On Saturday, Sept. 28, the morning of Afghanistan’s fourth presidential election, Sabir walked toward the polling center from his home in northeastern Afghanistan, almost sure the exercise was futile.
He was one of six staffers at a polling center in Manroo district in Kunar province. Waradesh, his village of around 300 homes, is set across from Kandaharo, one of several villages in the district that Islamic State wrested from the Taliban almost six months ago.
“On Friday morning, we received information that Daesh (Islamic State) got together in Kandaharo and was planning to attack us on Election Day. They had threatened to take all the election material away,” he said.
Take a chance for $12
Despite the threat to his life, and a fear that IS might come for them, Sabir, who was unemployed, said he and a couple of other villagers showed up to work.
“I went to work that day to earn money,” he said. He earned $12.
In the nearby village of Leichalam, Ajmal, 28, thought anyone who tried to vote would be in peril. IS had been warning people not to participate in the elections. Two weeks before polling, some IS members announced in the village’s Tangai mosque that they would shoot at anyone seen going toward the polling centers. Word quickly spread. People got the message.
“Members of Daesh used to have meals with us. They usually did not bother us unless someone had a link with the government. But we were still afraid they would cut our fingers if we voted,” Ajmal said.
Both Sabir and Ajmal used fictitious names for fear of being targeted. They came to Asadabad, the capital of Kunar province, with two other men from their area to talk to a VOA team.
Something strange happened on the eve of the election. The Taliban took control of the area from IS and encouraged people to participate in the elections.
“On the morning of the elections, I reached the polling center at 6 a.m. and saw Taliban literally 20 meters away from the center. We were surprised and initially couldn’t figure out what was happening. We couldn’t tell whether they were Daesh or Taliban,” said Sabir.
He would soon find out.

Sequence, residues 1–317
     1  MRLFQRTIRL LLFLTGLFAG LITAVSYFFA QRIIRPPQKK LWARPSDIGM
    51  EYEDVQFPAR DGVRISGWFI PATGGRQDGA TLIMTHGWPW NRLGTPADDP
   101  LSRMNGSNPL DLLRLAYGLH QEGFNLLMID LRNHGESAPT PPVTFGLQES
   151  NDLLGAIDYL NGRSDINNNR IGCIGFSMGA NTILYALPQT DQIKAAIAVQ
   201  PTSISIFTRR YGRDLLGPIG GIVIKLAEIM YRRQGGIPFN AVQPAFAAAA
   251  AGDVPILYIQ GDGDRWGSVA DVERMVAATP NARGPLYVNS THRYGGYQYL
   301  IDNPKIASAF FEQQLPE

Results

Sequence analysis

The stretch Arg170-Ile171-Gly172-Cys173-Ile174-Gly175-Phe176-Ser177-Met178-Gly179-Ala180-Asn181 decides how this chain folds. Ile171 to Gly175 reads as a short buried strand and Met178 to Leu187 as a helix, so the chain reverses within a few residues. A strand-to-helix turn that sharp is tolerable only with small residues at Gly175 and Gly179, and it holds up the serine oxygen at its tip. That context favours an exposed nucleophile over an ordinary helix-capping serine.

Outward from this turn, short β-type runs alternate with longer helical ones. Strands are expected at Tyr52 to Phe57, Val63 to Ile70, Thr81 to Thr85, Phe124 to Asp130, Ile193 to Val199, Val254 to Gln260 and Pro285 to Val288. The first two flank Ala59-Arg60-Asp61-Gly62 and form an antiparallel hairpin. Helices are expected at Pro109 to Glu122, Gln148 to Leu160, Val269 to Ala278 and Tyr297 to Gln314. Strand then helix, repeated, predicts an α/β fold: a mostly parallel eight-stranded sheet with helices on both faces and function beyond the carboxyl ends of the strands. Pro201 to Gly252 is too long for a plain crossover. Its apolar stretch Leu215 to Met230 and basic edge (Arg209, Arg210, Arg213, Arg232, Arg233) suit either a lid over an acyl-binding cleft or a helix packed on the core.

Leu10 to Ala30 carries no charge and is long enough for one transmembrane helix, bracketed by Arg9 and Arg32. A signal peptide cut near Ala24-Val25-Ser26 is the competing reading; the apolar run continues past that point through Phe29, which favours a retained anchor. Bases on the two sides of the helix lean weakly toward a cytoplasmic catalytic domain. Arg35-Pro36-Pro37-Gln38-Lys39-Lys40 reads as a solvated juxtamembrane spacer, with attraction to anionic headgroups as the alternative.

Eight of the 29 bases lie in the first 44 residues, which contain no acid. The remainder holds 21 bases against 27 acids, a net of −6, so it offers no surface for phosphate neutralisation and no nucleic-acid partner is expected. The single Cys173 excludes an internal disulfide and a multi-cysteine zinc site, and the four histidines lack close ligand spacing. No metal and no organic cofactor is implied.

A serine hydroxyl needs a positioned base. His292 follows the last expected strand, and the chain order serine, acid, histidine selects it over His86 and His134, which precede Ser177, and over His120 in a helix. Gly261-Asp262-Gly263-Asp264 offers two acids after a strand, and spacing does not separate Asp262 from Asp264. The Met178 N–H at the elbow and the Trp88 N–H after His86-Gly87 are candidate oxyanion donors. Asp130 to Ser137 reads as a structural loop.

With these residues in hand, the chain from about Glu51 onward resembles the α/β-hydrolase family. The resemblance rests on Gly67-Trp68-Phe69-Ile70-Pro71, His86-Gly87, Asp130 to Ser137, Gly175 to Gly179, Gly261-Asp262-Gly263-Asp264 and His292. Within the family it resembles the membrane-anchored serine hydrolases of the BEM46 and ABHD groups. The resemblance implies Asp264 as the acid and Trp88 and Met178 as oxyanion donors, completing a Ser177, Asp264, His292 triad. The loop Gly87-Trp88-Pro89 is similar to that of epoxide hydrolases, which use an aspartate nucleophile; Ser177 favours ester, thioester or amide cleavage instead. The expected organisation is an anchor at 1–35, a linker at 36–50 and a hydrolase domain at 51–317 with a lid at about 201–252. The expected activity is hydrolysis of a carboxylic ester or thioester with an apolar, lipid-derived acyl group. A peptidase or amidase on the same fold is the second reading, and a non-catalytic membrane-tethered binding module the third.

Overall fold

“They (the Taliban) announced that people who wanted to vote should go and do so. They will not be harmed. People were shocked,” Sabir said.
The announcement was contrary to what the Taliban’s central spokesmen had been saying for weeks. Multiple statements issued by the group warned people to stay away from the polls and vowed to attack any election-related activity.
In pre-poll violence, the group claimed multiple attacks, including one in Parwan province that killed at least 30 people and wounded more than 50 others during a rally for incumbent President Ashraf Ghani.
Villagers slow to trust Taliban
Local journalists credited the move in Kunar to the Taliban’s clash with IS in the area. Kabul-based political activist Faiz Mohammad Zaland, generally considered pro-Taliban, called it a “rare geographical phenomena — an effort by a local Taliban faction to break IS’s hold on an area and establish its own writ.”
It took some time for the villagers to process the fact that the Taliban was allowing them to vote. Around 9:30 a.m., Sabir said, they started coming to the polls.
“In Tangai area, I personally saw Taliban with Pikas (PK machine guns), with Kalashnikovs, with RPGs (rocket-propelled grenades), and I saw them asking people where they were going, and then letting them go to vote,” said Ajmal, who still had ink on his finger several days after the vote.
Women take part in election
In the end, around 150 people voted in Sabir’s polling center, including nearly two dozen women.
After running IS out of Leichalam, the Taliban made a list of local people who were IS members or their sympathizers, and started burning their houses. Their commander was a man from Logar province known as Ayubi.
Village elders begged the Taliban not to burn houses belonging to the local population. Initially, the militants rejected the request. In the end, they only burned the houses of IS members and not those of people with suspected links to the terror group.
The day after the election, the Taliban did the same in Kandaharo. In all, they burned approximately 20 houses, the locals said. Two IS members surrendered in Kandaharo but were not killed.